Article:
Two Senators said today their deficit reduction plan “will tick off a lot of people,” Fox News reports.
Two members of the so-called "gang of six" — a bipartisan group of senators working to craft a long-term spending plan — said Sunday they’re making progress on their proposal, despite concerns expressed last week that the talks could be in trouble.
And, in claiming the plan would take a balanced approach, they predicted Republicans and Democrats alike would despise it.
"Let me assure you, we’re going to make everybody mad," Sen. Mark Warner, D-Va., said.
Tom Coburn (R-OK):
"Nobody is going to like what we come up with," Coburn told "Fox News Sunday." "The left isn’t going to like it and the right isn’t going to like it. And that’s one thing that would be an indicator that is probably the best compromise we’re going to be able to get."
Some things being considered in the proposal:
Coburn did not elaborate on the details of the plan, but Warner offered a few glimpses.
In an interview with CBS’ "Face the Nation," he said "everything has to be on the table."
Warner said the group was working off the proposal from the president’s fiscal commission and would be "touching every part of the problem," including Social Security — something largely excluded from both Ryan’s proposal and Obama’s.
"Part of this is just math — 16 workers for every one retiree 50 years ago, three workers for every retiree now," Warner said.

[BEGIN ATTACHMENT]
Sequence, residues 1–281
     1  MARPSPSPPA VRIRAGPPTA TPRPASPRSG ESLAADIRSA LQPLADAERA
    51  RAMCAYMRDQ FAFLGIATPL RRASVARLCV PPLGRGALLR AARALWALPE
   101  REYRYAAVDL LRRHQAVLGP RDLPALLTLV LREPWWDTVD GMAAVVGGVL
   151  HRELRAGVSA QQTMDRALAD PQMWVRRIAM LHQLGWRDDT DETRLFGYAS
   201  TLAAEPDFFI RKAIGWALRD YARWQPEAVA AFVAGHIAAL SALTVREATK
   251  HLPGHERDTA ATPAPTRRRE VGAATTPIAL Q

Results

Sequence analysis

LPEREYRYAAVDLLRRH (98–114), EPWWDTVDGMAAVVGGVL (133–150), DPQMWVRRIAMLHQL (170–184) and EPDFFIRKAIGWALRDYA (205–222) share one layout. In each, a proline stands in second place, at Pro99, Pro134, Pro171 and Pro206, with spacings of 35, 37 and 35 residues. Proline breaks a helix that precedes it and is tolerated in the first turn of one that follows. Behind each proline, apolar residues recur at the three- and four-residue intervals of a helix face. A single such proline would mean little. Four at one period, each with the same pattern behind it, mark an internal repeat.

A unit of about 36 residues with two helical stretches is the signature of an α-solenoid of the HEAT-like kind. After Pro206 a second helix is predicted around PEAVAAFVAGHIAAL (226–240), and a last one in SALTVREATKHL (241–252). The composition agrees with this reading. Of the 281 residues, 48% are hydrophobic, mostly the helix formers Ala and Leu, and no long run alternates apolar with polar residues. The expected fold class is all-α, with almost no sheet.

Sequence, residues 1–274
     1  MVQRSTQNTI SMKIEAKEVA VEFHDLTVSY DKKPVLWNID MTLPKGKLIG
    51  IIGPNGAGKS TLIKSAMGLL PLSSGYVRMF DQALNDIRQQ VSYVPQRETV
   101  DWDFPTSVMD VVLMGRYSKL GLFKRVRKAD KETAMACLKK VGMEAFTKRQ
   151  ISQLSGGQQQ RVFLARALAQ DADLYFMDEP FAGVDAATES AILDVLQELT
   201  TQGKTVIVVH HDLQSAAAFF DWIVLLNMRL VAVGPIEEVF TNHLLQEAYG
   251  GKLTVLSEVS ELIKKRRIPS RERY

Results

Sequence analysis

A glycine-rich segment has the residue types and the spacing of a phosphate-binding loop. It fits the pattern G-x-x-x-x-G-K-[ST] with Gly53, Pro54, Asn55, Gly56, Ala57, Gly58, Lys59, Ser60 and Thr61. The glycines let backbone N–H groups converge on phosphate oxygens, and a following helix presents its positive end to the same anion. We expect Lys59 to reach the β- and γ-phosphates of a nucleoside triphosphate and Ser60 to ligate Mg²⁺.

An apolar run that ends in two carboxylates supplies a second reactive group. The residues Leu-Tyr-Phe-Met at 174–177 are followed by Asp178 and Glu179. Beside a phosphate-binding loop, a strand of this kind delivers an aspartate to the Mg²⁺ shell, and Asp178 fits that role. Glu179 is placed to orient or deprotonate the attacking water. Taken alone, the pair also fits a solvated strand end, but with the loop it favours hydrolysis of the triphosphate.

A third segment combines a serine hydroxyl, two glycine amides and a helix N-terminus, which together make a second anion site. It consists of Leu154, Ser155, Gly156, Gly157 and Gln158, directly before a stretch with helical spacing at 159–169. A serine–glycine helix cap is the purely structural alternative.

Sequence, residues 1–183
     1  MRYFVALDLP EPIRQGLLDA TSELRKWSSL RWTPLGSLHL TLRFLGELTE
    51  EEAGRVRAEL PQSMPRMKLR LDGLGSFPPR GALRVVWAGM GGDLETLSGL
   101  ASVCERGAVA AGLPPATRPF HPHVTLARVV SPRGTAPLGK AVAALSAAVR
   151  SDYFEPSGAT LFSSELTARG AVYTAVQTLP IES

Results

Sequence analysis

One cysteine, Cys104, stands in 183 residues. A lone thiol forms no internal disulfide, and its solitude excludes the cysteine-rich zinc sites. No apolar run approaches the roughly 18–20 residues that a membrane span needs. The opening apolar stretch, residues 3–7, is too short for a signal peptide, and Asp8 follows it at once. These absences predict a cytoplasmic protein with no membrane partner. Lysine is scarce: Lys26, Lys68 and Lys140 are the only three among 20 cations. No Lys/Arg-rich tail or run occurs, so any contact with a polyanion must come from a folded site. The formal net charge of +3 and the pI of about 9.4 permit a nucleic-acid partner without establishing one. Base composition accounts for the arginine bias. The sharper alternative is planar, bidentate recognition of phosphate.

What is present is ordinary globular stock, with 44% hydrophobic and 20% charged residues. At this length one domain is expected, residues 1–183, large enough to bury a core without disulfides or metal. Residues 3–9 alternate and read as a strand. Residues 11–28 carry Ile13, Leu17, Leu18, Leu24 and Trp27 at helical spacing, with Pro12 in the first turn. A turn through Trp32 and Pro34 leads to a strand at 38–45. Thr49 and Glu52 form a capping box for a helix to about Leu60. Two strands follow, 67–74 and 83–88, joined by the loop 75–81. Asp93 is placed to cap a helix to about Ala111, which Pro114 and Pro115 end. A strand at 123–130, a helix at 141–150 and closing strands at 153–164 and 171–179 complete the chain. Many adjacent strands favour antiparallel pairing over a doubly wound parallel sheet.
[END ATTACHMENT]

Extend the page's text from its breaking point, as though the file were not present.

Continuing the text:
He also said the tax code needs to be addressed, not necessarily through tax increases but by eliminating deductions. He said the group is looking to impose about $3 in cuts for every $1 in increased revenue.
"Charitable deduction, home mortgage deduction — if we would cut back on some of those, we could actually lower rates and still increase revenues," he said. Warner said the group is "very close" to a deal.
The "gang of six" is not expected to have a report until after the two-week spring recess that starts Monday. The other members on that panel are Sens. Dick Durbin, D-Ill.; Saxby Chambliss, R-Ga.; Kent Conrad, D-N.D.; and Michael Crapo, R-Idaho. Conrad threatened last week that if the group doesn’t come up with something soon, he might propose his own budget plan.